Sep 262011
Bow of the ex-HMAS Canberra

About the site I’ve previously discussed how the ex-HMAS Canberra came to rest as an artificial reef for divers, on the seafloor about 2 miles from Torquay. As time passes and the marine life moves in, the wreck becomes a more and more attractive dive site. One of the key features is its sheer size. This is especially so when many of the other wrecks dived out of Melbourne are of a similar size to the J class submarines – about 100m long. The ex-HMAS Canberra is 138m long and in a whole dive spent swimming it’s impossible to explore the whole thing from end to end. Given her size, it takes multiple dives to explore all of the different [read more…]

Sep 192011
Long exposure in the Shaft

About the site The Shaft is a massive sinkhole in the Mt Gambier region, and the deepest cave in Australia. It’s noted in the history books for the four divers that died there in 1973, an event which contributed to the decision to form the Cave Diver’s Associate of Australia and allow Australian cave divers to self-regulate to prevent further deaths. From a manhole sized hole in a sheep paddock, there’s an 8m freehanging drop to the water’s surface. The cave is about 20m in diameter at this point, and the walls continue to widen out as you drop into the depths. Directly below the entrance hole is a feature known as the Rockpile. While this would originally have been [read more…]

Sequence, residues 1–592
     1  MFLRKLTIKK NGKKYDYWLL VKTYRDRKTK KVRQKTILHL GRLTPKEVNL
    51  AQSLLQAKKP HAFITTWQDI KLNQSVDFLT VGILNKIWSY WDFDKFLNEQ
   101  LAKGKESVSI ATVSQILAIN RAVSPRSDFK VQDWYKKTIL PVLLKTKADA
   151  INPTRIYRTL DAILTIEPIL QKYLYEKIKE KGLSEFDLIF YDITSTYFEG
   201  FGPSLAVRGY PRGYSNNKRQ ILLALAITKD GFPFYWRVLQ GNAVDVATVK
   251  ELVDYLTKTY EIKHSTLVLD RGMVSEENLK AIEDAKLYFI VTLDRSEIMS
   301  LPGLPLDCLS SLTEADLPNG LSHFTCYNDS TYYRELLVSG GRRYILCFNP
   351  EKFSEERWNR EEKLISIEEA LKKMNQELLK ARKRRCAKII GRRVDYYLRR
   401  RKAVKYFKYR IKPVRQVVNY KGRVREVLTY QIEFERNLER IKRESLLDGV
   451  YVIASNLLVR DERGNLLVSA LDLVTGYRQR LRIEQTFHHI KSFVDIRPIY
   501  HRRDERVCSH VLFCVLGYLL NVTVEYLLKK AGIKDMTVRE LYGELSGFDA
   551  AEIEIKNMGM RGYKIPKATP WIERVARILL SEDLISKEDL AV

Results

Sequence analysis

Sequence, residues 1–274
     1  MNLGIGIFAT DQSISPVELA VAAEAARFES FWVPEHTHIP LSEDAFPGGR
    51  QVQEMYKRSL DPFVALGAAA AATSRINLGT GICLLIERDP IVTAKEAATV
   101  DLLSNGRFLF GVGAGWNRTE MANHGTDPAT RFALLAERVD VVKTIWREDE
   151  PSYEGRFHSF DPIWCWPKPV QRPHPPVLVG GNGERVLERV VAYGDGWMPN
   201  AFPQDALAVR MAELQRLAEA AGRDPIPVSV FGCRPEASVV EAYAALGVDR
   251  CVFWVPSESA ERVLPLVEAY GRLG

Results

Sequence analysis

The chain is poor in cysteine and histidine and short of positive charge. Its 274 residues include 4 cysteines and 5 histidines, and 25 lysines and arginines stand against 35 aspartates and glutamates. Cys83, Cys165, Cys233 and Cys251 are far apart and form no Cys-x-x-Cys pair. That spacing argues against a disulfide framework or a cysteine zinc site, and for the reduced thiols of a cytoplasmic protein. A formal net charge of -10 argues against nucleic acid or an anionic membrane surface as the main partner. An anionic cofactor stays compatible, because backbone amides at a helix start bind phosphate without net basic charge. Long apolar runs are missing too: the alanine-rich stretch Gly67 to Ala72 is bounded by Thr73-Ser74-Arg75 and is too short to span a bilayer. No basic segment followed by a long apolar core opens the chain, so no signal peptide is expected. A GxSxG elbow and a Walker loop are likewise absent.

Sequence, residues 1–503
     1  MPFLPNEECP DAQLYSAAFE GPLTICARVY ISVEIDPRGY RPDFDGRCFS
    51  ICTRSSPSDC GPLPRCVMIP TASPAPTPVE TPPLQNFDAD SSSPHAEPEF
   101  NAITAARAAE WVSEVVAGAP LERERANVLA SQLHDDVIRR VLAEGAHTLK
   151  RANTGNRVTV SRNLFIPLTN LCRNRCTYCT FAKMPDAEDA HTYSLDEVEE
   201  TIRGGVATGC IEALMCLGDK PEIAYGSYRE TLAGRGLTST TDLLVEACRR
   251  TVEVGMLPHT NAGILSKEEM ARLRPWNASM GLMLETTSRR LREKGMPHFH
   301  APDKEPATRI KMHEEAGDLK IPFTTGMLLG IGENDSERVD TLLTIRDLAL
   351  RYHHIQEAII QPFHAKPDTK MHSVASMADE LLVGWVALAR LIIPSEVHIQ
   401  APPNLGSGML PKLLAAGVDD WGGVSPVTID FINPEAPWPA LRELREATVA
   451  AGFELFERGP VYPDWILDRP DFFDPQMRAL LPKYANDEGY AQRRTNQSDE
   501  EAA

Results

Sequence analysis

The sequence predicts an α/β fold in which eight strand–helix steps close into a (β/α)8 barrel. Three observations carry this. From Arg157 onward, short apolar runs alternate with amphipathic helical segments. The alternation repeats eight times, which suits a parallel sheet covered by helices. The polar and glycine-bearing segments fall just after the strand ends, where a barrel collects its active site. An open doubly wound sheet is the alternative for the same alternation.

Sep 122011
Snell's window in Piccaninnie Ponds

About the site I’ve previously talked about diving in Piccaninnie Ponds, and I’m about to again. Unlike other caves where I’ve had to work to find different angles on photos, the Ponds seem to be photogenic from every angle. The stunning blue, green and white colours, the clarity of the water, and the chance to contrast sunlight with the darkness inside the Cathedral create photographic opportunities everywhere you look. About the dive On this particular day, we’d booked permits to get in early in the morning for the best water clarity, and closer to midday for the best sunshine. The Chasm in the Ponds runs roughly North-South, so early and late in the day the angled sunlight tends to get [read more…]

Sep 052011
Clay blocks in Iddlebiddy Cave

  About the site Iddlebiddy Cave is an Advanced Cave rated site located near Mt Gambier, South Australia. Initially discovered in the 1970s by locals Peter Blackmore and Phillip Earl, they were reluctant to report it to the newly formed Cave Diver’s Association of Australia (CDAA) because their lack of formal training under the new system would see them lose their right to dive here. The site was named Iddlebiddy as it follows a straight tunnel formation for a few hundred metres, and is reminiscent of the massive railway tunnel type cave formations found on the Nullarbor Plain such as Cocklebiddy Cave. While Advanced Cave sites are usually rated for their narrow single-file restrictions, Iddlebiddy is rated to protect the [read more…]